“Well, Rodney Childers is going to get a one-week vacation. Obviously with everything that has happened, basically we got in trouble for a part that was drawn a certain way and didn’t appear that way on the car. The way that NASCAR works now is you submit drawings for pretty much every part on your car. It has to meet certain specifications and that part didn’t meet it, so Rodney’s going to get to go on vacation this week. I know this is probably one of the most painful weeks for him to go on vacation because Martinsville really hasn’t been our best track. He and everybody at Stewart-Haas Racing, and especially everyone on our No. 4 team, put a lot of effort into trying to go in a different direction. They’re trying to make our Martinsville stuff better than it has been. I know how much time they’ve put into the car. Rodney is a racer and he wants to be at the racetrack every week, but he’s obviously not too thrilled about not being at the racetrack this week. Sometimes that happens. We push things and that’s what I want them to do. I want them to push everything on that car. Sometimes you’re going to get in trouble, but those guys have been the best in the business for the last three years. It’s kind of like growing up as a kid – sometimes you get in trouble and you have to suffer the consequences.”
Martinsville is small and things happen so quickly. Does that make it all the more crucial in terms of who you put atop the pit box?
“The hard part about Martinsville, especially now that I know they are bringing a different right-side tire this week, is that it’s supposed to lay down a lot of rubber and we’ll have some drop-off in speed, hopefully. If the tires drop off enough, you’ll have to change them every time. So we are hoping for a four-tire strategy. The hard part is to manage getting in and out of the box and who is going to talk about that. As we get later in the week, now that we know Rodney is going to be gone for the week, we’re still going to have to work on some of those details of making sure we can get in and out of the pit box and deciding who is going to tell you what on the radio – who is going to speak, who is not going to speak and those things. There will be some hurdles to get over, but we don’t really talk a lot on the radio, anyway. I think Martinsville is one of those places where there’s a lot happening so you don’t want to have too many people on the radio. It’ll be something where we have to work those details out during the week. It’s definitely different. It’s definitely not going to be the same, but you have to manage these situations the best you can. We’ve been here before and had to manage these types of situations, so we have a little experience looking back on how we did this last time and hopefully we can do it better. It’s just like anything else. It’s having a plan when you don’t have a plan. It’s having a play in the playbook for something that hasn’t happened that way before. In this case, we do. We’ve played this play before. We have to do it a little bit differently than we did last time because we have so many more things going on.”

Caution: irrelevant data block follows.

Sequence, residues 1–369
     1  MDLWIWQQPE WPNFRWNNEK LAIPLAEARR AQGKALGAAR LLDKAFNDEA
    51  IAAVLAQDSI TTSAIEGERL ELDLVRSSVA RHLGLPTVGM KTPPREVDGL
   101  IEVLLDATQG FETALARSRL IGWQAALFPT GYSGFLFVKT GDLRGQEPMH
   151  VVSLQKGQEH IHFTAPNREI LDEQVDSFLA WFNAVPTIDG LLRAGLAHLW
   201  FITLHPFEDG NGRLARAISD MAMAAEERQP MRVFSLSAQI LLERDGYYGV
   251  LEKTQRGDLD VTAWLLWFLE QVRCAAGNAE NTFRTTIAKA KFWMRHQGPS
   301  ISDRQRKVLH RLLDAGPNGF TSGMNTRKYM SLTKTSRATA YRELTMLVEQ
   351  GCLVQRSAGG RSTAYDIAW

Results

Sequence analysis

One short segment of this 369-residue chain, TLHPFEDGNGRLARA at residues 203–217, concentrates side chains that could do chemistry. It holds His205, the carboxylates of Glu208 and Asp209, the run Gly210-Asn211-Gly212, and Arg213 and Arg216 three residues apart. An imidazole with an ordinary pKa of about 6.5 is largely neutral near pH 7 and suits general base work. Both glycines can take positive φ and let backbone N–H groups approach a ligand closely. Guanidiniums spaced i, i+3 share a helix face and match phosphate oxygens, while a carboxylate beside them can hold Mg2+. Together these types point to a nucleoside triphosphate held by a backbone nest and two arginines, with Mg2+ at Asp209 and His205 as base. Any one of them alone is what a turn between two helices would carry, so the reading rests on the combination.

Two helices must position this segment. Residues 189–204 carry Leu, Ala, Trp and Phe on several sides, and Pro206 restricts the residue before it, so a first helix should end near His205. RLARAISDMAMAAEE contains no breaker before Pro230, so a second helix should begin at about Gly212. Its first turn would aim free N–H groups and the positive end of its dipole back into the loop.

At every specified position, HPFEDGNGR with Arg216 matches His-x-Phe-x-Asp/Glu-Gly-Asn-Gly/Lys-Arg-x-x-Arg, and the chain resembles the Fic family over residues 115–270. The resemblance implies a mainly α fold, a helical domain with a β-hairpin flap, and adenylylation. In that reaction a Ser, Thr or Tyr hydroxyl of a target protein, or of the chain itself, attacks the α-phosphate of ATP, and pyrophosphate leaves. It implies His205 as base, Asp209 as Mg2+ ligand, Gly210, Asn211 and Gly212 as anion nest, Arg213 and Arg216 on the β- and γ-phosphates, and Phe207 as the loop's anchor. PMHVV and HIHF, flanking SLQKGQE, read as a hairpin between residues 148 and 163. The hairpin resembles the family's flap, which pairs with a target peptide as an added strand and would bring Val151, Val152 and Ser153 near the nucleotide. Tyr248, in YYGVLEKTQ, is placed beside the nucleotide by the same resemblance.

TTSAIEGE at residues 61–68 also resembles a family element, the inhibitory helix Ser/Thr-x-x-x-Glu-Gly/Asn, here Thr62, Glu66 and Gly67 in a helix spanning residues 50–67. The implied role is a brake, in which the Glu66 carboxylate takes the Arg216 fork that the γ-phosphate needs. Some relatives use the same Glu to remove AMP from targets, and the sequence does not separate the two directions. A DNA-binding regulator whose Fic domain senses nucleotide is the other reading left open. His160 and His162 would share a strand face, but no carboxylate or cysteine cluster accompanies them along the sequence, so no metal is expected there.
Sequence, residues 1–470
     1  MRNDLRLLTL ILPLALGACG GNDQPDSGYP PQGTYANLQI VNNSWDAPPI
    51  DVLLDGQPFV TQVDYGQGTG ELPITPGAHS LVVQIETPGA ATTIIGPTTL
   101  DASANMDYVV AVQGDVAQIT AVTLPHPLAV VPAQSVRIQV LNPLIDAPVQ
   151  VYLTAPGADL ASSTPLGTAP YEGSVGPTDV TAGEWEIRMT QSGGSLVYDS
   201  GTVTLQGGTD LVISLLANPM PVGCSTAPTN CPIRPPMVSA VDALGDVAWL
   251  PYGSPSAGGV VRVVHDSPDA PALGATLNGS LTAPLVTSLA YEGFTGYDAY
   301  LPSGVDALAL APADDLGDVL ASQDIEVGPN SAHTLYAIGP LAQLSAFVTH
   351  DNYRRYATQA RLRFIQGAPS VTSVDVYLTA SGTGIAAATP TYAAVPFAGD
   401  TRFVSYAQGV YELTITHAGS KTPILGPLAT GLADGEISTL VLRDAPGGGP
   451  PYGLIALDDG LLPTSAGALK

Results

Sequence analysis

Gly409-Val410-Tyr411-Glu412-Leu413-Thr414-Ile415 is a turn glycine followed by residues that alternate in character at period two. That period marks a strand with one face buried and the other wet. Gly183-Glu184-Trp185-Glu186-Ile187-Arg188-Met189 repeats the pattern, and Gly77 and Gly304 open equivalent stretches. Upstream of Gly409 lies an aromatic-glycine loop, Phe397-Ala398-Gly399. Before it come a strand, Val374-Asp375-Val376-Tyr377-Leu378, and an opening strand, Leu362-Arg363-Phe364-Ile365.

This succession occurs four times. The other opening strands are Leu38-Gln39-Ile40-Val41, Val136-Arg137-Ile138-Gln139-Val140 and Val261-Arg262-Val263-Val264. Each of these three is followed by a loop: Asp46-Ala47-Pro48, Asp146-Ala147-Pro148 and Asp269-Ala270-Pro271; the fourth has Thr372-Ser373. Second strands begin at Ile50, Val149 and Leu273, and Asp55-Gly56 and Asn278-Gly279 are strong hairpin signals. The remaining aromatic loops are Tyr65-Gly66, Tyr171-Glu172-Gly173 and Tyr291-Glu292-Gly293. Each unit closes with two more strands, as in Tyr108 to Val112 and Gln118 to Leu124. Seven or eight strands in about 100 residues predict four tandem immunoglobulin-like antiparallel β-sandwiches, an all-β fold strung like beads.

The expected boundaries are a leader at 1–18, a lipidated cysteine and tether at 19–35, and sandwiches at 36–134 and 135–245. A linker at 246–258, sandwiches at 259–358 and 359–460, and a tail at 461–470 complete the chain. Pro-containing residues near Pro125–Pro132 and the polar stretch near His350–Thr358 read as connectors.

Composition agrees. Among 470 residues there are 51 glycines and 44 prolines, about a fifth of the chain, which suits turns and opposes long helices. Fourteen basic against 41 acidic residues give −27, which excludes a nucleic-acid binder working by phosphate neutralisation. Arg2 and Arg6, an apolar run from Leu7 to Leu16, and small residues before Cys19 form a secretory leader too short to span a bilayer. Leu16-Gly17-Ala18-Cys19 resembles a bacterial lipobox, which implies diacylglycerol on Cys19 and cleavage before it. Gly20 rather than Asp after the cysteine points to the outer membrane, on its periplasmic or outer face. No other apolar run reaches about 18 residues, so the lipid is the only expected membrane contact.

What makes Martinsville Speedway unique? And what makes it challenging?
“I think a lot of us grew up on short tracks and Martinsville is a place where I’ve raced a lot, whether it’s been with the Trucks, or even the Xfinity Series, in which we were fortunate to win the one race we got to run there. It’s a track where I feel like we could have won more races than we probably have in the record books. It’s a place where you enjoy racing and it’s very similar to Talladega by the fact that you just never know when something’s going to happen. You just never know when it can turn and that’s really what short-track racing is all about. And it’s something that happens a lot at Martinsville.”
Where do you want to be at Martinsville to help you avoid trouble on the racetrack?
“I think the best position to be in at any racetrack is in the lead. You want to be in control of the race and try to get yourself in a position to where you can have a good clean restart and have as much clear track, especially at Martinsville just for the fact that there is so much pushing and shoving on the restarts to get to the bottom lane that you want to try to be as far forward as possible.”